The Dinner Event will be held in a new venue in Holdmel, New Jersey, the site of the former research and development facility Bell Works. The property with its massive facility was recently purchased by Mr. Rafael Zucker, a Mesivta of Long Beach alumnus and current member of the board. Recognizing the need for a much larger venue for the Yovel Anniversary Dinner, Mr. Zucker, with his signature generosity and creative resourcefulness, invited the yeshiva to use the magnificent Bell Works facility at no charge.
The roshei yeshiva view the Yovel Dinner as an opportunity for the yeshiva’s vast ranks of alumni to strengthen their ties with their alma mater to the mutual enrichment of all.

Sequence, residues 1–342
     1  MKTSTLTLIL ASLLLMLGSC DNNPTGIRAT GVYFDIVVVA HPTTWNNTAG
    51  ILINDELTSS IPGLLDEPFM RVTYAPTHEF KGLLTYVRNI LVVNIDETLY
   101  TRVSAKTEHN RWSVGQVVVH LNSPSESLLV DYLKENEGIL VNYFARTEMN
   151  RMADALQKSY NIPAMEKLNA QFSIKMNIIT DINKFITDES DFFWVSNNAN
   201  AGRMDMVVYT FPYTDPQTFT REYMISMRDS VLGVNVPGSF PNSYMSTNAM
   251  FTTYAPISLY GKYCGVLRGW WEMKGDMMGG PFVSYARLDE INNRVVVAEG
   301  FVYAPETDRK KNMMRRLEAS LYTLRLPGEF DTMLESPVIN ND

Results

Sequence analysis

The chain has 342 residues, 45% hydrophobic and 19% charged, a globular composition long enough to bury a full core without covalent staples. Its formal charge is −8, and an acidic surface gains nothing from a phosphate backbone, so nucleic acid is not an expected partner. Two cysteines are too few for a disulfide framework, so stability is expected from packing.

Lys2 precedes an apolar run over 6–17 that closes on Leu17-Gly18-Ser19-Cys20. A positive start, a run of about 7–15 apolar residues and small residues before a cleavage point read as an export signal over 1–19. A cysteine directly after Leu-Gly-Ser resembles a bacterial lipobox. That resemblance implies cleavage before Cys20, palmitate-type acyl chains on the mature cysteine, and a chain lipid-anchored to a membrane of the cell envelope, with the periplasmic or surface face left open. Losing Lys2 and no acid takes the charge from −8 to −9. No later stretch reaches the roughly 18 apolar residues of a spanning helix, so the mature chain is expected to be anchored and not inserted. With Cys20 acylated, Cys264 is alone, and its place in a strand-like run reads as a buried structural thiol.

“It’s a precious moment in time for all to take stock of the yeshiva’s impressive growth and achievements,” said Rav Hoberman. “But perhaps even more significant, it’s an opportunity to take the simcha and hakoras hatov at this wonderful milestone and turn those sentiments into an even stronger partnership in building for the future.”
He noted that no appraisal of Long Beach’s contribution to the olam haTorah can be complete without an appreciation of the yeshiva’s earlier history, and the mesiras nefesh of those who founded the mosad.
Some of these individuals, notably Rav Chaim Zelikovitz, the yeshiva’s first menahel, took on the mission of building the mosad from its infancy at a time when so few on the American scene appreciated the value of a Torah chinuch. Rav Avrohom Cooper assumed a pivotal role in helping to establish the yeshiva on firm footing in that early period.
Several years later, Rav Yitzchok Feigelstock took the helm of the yeshiva, assisted by executive director Rabbi Shlomo Lesin. Over the course of 35 years, they shouldered the responsibilities of the yeshiva with unstinting dedication.